More precisely, his policy has actually worsened it. For it is the distinctive feature of the Bush presidency that there is but one economic policy come boom or bust, fire or flood. That, of course, is tax cuts, preponderantly for the rich. As a candidate in 2000, Bush argued for tax cuts because the government was actually running a surplus, and it was a more productive use of funds to return that money to taxpayers. Then the bubble burst, the surplus turned to deficit and those same tax cuts were repackaged as an economic stimulus. The $1.6 trillion tax cut of 2001 was so advertised, though it didn't really kick in for the better part of the decade, and most of it was targeted to the wealthy—the class of Americans least likely to spend it. Since it was enacted, it has stimulated the economy to the tune of 1.7 million jobs lost.

Undeterred, the administration is back at it again with its proposed $726 billion tax cut, more than half of which takes the form of eliminating the taxes on dividends—which, again, will go overwhelmingly to the rich. It's difficult to find anyone not working for the administration who believes this cut will really stimulate the economy. Though virtually no one noticed (there was a war on), in mid-March the Congressional Budget Office (CBO) issued its study of the Bush tax cut. "Taken together," the report concluded, "the proposals would provide a relatively small impetus in an economy the size of the United States." The study had been supervised by Douglas Holtz-Eakin, who came to the CBO after serving as chief economist for Bush's Council of Economic Advisers.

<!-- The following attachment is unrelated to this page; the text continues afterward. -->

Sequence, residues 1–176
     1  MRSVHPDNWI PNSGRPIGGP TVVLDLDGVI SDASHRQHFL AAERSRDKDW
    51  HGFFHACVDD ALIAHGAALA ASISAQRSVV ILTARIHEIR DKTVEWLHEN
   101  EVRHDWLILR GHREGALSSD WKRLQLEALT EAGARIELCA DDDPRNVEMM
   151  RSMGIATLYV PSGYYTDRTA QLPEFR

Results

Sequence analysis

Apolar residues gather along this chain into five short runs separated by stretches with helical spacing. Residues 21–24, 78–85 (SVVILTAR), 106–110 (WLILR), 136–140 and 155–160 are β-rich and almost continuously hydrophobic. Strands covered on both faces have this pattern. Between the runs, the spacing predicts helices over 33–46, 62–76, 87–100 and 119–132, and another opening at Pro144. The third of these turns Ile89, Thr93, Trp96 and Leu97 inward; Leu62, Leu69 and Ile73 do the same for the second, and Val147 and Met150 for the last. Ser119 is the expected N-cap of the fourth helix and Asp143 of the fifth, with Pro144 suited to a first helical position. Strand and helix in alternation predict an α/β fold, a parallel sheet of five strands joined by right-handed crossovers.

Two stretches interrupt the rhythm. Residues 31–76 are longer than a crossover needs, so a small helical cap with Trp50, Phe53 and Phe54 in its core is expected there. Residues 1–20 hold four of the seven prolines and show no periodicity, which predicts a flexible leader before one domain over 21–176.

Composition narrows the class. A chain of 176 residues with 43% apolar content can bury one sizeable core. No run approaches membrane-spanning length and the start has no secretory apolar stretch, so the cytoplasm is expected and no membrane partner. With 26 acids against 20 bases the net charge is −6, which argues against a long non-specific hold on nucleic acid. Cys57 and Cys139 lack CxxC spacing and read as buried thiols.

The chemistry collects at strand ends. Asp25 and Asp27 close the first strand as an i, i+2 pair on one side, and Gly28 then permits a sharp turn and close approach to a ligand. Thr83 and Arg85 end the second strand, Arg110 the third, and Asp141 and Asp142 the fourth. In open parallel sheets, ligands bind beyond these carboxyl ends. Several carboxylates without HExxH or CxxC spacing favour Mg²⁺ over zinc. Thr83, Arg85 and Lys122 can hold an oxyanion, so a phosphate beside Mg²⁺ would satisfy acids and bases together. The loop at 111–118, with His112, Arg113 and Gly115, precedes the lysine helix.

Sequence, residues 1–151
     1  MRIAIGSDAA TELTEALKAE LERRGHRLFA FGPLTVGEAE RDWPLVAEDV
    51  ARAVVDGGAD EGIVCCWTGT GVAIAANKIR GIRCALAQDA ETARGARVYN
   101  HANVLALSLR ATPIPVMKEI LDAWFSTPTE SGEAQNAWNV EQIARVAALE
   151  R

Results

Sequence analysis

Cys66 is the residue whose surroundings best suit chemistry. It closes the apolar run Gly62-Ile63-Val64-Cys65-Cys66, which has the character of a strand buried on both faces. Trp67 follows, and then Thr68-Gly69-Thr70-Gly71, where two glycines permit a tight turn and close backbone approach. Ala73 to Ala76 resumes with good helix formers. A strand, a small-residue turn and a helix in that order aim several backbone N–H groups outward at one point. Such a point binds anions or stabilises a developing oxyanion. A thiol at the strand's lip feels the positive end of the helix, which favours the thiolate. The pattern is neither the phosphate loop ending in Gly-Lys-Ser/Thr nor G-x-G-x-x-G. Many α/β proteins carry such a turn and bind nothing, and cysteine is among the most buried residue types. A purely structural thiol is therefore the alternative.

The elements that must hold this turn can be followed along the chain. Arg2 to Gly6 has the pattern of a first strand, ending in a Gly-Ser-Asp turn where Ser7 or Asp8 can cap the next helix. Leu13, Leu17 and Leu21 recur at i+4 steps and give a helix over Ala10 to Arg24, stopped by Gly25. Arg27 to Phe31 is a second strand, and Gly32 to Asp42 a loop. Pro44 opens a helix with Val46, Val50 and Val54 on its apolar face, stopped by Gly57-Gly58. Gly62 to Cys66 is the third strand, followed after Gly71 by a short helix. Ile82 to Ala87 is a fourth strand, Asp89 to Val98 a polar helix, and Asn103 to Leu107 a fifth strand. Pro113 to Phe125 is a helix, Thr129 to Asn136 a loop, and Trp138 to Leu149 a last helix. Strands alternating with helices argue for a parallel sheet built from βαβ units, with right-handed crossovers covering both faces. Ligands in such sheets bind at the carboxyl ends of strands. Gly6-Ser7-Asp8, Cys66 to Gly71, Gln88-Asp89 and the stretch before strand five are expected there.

The hallmark of the Bush approach to the economy is its absolute rigidity. On matters economic, Bush is a monomaniac with a bad idea, a doctor who prescribes the same all-purpose snake oil no matter what the ailment. And while Bush is not responsible for the post-boom bust in which America finds itself, his refusal to contemplate any remedy save his own for the economy is directly responsible for the increasing longevity and severity of the bust.

Via also not found in nature.

| | Posted by Magpie at 7:00 PM | Get permalink

Making war personal.

The UK Guardian has put up life stories for 100 people who lost their lives in the recent war. Not just Iraqis — but people of every nationality.

Zina Akram Hamoodi, 12

Zina, who died on April 5 alongside her brothers Zain and Moustafa and her sister Ihab, was the beauty of the family. She looked and dressed like a model. "She had the physique, the looks, everything about her suggested that she could be a model," remembers her grandfather, Abid Hassan Hamoodi. "She was the glamorous one."

She also had a talent for making money. She studied at Jumoria primary school, and her uncles gave her 10,000 dinars - around £3 - every time she got top marks in an exam.